If you have from your Internet provider a DDNS meaning the WAN IP address to your router changes then docker container number 3 for a Cloudflare DDNS to detect any WAN IP address changes and update it automatically with cloudflare so people can access the NAS. If your Internet provider is using CGNAT then best to just contact them and see if you can get off it.

In other words its complex and you are going to need a Video guide and a lot of time if you are 100% new to this. By the way I went the build my own NAS and the Unraid route because its more user friendly with a lot of guides for people that are new to this.

I didn’t need YouTube. In my (definitely individual) opinion, it makes these installations worse since those guys are all rushing through and don’t explain why it will work (so you don’t learn anything).

CloudFlare was easy once I had worked out a docker-compose. It was only a question of tracking that info down—there is nothing extra challenging about Cloudflare, as far as I can tell. I had no issues.

I’m a technical writer, so I was considering writing a guide to how I implemented NextCloud with Cloudflare, since the main one I see on the forums is rather down in the weeds and hard to follow, despite presumably having great intentions.

But, after I installed NextCloud, I had disk usage issues that I tracked to the postgres process (it was trying to update and thrashing my disks). I looked for info, found none, posted the issue, got no response, and decided not to use NextCloud anymore.

It’s probably a great product, but it’s too heavyweight for my use case (photo-sharing). Also, I see a lot of folks having problems with upgrades, which would be a huge issue for a self-hosted app that’s exposed to the web.

The deleted posts above were actually a misguided attempt to delete my forum data. It seems you can’t do that.

Hi there,

don’t usually check the summary emails I get from this community but the title of your post caught my attention as it’s my exact setup as well.

I can understand your desire for a thorough guide, hell I would like that myself. but in the FOSS community that is just unfeasible, it’s just the reality of the situation.

I just take the philosophy of “be the change you want to see” so I document everything I do and try to put it online.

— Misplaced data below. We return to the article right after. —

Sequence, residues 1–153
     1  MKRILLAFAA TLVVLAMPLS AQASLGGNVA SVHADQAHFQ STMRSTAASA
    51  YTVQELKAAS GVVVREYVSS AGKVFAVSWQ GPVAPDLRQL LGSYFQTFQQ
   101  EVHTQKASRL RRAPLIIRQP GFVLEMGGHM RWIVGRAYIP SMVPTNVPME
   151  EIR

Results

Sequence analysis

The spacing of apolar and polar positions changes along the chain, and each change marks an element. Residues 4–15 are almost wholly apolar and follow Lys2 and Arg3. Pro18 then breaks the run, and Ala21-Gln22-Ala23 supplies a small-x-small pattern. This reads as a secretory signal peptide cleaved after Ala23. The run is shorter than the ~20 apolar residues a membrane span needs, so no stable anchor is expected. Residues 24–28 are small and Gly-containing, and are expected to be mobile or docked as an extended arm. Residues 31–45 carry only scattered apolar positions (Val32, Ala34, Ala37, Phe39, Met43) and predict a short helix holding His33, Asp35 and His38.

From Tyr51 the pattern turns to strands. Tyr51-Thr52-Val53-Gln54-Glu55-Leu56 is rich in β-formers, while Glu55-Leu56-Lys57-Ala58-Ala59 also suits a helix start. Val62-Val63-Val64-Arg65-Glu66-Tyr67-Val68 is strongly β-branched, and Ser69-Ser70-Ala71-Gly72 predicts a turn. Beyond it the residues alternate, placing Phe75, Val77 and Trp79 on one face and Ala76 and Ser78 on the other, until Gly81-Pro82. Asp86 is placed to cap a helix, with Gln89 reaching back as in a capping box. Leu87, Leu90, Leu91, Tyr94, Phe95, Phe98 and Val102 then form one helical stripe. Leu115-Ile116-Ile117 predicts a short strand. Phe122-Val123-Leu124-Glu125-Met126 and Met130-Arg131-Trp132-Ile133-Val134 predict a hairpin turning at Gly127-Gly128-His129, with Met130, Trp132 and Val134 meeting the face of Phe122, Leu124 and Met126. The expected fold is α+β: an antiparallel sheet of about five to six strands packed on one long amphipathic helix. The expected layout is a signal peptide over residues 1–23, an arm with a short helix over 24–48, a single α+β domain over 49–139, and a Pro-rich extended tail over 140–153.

if it helps at all, I made a guide on my own github repo for myself after a friend suggested I share my setup online: GitHub - modernNeo/homelab_infra

it’s a very up to date guide given that I recently finally setup my nextcloud only a month or so ago.

Also, I see a lot of folks having problems with upgrades, which would be a huge issue for a self-hosted app that’s exposed to the web.

I gotta take issue with that. the one time I had an issue updating a dockerized nextcloud was because I had neglected to do updates for like 1 year or 2 so I had to go through like 2-3 versions to get to the latest. It’s surprisingly easy to do an update imo. If you have seen folks complaining, I am willing to bet it’s because they either

  1. didn’t follow the instructions correctly
  2. were not properly understanding what they were doing
  3. had it highly customized

Hi. I disagree with your assessment of FOSS docs. That’s the default state, but some—even very small—projects do have docs that can get you there, not to mention the ones with professional curators/writers. Just to name one: OpenTelemetry. That actually is FOSS and that guy is at the top of my field—of course, he works for Splunk :rofl:

But, as I noted elsewhere, it’s too much to handle if you’re also the dev. For NextCloud, the current situation isn’t working. They’re a big enough name that they might be able to dedicate a resource now, or at least leverage one of the free models. By not doing that, they’re hurting their brand.

On the install part, I also don’t agree. Just a quick search indicated that upgrade issues are common. It’s too convenient to say these are all PEBKAC errors. If one has an extensive history of PEBKAC errors from upgrades, that’s an issue to be solved if you don’t want to lose users.

Just some thoughts.